In NZ in the 1970 teachers a group of teachers in 'our area' introduced similar rotational ideas for afternoon programmes and 're-framed' their literacy and numeracy programmes so as to develop skills and content for use in the afternoon activity time.
In such classrooms, as students and teachers gained confidence, an integrated day developed .Teachers introduced studies through provocative displays and displayed students' completed studies with great care. Such classrooms in New Zealand were the exception..
So that brings us to today.
Creative teachers, unlike in earlier times, are no longer the source of educational innovations and, as well, are now constrained by accountability pressures and the narrowing of teaching demanded by the National Standards. In the UK , Australia and the US teachers are further constrained by politically inspired National Testing and 'league tables' all in the name of parental choice.
As a result of such compliance requirements a visit to most current primary classrooms will still show
|How to do it?|
In secondary schools fragmented specialist subject teaching is still the norm.
So it is time for transformation change; difficult when schools have to both comply with the narrow accountability targets required by National Standards and at the same time being encouraged to develop 'innovative teaching practices'..
How is time spacing and student grouping changed in 'modern learning environments' ; how have the 'innovative learning practices' changed how time is utilized?
|A balance between structure and freedom|
Only a visit will confirm my thoughts but I am guessing most of the morning is still being dedicated to traditional literacy and numeracy teaching and that ability grouping will still be in place. In some cases I imagine the setting of students to cater for the diversity of abilities in literacy and numeracy. Little progress here?
|Exploring a bridge|
Learning in such schools would be based around integrated authentic learning experiences and basic literacy and numeracy skills would be taught at point of need as well as being an integral part of student studies. I imagine the development of such 'modern environments' might even be easier in lower secondary schools where teachers are not as 'hardwired' to teach literacy and numeracy are better able to collaborate and share their subject specialist knowledge as required.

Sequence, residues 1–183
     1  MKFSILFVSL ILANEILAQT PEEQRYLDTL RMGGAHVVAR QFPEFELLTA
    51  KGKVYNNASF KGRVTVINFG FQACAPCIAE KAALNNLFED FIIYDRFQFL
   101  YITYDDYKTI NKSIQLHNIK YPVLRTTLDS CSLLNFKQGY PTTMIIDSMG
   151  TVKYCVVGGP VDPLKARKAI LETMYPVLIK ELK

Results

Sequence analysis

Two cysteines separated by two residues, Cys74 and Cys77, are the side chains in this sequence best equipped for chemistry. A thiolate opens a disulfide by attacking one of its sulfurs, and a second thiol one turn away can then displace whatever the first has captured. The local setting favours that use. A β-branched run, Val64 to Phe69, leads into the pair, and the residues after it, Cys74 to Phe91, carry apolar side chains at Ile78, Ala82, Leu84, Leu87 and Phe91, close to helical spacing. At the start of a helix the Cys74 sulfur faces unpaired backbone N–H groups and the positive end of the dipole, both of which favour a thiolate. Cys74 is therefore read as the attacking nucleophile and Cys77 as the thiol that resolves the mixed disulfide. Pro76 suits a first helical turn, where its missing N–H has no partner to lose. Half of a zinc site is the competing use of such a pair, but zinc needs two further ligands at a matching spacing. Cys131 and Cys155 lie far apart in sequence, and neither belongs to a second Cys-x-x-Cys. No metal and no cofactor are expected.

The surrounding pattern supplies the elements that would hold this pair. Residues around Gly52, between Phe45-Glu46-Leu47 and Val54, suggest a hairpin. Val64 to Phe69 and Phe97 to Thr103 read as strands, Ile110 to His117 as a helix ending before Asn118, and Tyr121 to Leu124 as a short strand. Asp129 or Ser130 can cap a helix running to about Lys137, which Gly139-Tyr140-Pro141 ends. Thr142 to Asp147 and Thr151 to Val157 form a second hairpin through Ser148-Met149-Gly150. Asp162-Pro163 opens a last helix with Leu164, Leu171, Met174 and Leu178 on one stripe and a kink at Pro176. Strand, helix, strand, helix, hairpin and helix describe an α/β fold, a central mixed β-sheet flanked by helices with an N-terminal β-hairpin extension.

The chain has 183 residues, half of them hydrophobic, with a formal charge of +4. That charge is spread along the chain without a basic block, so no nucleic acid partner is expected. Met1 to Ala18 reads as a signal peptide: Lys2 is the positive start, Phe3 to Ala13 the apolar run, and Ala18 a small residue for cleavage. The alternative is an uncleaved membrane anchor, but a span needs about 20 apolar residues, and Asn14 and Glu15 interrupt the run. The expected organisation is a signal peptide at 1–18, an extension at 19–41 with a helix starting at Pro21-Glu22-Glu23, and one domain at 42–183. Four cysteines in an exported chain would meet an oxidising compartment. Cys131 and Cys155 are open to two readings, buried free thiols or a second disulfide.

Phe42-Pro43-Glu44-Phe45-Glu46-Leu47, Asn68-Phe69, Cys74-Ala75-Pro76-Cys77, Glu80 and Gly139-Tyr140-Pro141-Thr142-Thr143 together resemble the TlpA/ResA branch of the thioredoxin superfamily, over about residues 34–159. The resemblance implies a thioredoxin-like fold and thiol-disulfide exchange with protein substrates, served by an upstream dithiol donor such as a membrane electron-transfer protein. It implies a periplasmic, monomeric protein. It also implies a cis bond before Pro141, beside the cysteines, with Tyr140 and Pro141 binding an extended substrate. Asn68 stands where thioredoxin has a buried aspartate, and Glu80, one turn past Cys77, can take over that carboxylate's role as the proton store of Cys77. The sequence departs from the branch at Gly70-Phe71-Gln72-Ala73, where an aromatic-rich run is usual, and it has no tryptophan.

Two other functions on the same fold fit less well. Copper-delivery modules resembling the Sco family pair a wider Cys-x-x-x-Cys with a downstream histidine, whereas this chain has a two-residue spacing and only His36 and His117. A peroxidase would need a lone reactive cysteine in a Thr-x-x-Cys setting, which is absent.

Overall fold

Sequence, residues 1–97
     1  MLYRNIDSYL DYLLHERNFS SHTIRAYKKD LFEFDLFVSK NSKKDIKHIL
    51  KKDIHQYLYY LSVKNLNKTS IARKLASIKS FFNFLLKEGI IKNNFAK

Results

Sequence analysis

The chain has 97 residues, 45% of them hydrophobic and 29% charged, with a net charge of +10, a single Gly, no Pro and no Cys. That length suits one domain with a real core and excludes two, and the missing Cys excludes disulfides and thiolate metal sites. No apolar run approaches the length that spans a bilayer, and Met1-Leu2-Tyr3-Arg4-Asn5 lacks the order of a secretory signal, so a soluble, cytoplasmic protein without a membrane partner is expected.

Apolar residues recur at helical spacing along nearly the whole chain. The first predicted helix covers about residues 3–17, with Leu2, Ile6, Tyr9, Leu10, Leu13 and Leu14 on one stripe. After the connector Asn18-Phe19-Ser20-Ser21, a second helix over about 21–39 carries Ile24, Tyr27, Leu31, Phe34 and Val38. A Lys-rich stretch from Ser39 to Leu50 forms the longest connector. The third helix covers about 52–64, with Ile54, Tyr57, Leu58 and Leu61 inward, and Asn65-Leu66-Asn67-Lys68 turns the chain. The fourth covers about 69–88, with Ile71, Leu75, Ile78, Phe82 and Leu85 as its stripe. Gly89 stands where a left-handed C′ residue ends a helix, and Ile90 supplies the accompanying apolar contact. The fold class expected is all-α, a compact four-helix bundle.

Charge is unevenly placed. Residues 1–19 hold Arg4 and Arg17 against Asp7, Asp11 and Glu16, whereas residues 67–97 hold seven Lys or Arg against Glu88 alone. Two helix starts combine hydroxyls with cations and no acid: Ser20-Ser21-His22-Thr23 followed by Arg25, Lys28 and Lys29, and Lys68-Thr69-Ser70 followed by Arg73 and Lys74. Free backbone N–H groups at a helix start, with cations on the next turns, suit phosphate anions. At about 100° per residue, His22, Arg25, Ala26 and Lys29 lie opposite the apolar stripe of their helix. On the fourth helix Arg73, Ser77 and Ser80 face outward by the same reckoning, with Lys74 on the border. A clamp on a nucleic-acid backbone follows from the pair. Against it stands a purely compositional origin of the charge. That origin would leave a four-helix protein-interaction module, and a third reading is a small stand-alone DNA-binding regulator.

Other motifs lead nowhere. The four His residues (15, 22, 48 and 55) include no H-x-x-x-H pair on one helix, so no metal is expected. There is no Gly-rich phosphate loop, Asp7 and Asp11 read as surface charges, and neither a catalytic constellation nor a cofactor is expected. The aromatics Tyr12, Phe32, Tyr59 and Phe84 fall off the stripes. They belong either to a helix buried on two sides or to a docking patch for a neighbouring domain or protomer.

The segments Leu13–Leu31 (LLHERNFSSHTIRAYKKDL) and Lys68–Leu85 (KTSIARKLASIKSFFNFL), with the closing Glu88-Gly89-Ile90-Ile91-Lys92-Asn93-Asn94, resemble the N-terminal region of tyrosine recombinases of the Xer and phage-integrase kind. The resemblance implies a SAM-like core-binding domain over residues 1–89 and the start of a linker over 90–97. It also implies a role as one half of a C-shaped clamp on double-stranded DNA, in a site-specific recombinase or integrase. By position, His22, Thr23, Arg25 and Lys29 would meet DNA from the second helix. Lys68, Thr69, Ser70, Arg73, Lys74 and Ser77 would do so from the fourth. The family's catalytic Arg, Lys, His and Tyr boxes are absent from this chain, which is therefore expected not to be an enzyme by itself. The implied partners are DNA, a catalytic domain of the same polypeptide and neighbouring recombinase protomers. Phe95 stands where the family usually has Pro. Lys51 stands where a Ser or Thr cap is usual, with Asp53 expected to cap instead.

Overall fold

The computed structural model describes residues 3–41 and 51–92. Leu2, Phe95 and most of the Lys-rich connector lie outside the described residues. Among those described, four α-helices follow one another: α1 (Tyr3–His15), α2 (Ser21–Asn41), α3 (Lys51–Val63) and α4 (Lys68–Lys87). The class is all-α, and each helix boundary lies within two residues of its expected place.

In New Zealand we have the lessons learnt from the 1970 open plan education to learn from and have a New Zealand Curriculum to encourage such a transformation plus modern informational technology to assist. The curriculum asks teachers to ensure all students to be able to 'seek, use and create their own knowledge'.
|Developing students' talents|
|An art exhibition|
|Time for thinking out of the box|
Nothing however will change until the means of assessment changes. Assessment and focuses on valuing the learning attitudes and strategies and the depth and their understating of what is included in their portfolios - the so called 21stC skills.
So far I am not sure things have changed that much.I do hope however that I will be proved wrong. Maybe it is all about going back to the excitement and creativity of the sixties but this time doing it right.
Essential Lessons from High Tech High
Oprah and Bill Gates visit High Tech High
An introduction to Project Based Learning ( Edutopia)
Edutopias Ten Big Ideas to Improve Learning( George Lucas)
Project based learning with 5 year olds
Project Based Learning at a South Auckland Middle School
Transforming Secondary Schools -Charity James
practice. So what is this, how does it work, or simply put, is it justlearning?
Successful Open Plans and lessons for Modern Learning Environments.
Personalizing learning and Modern Learning Environments
|Excellent book for MLEs and self contained classrooms|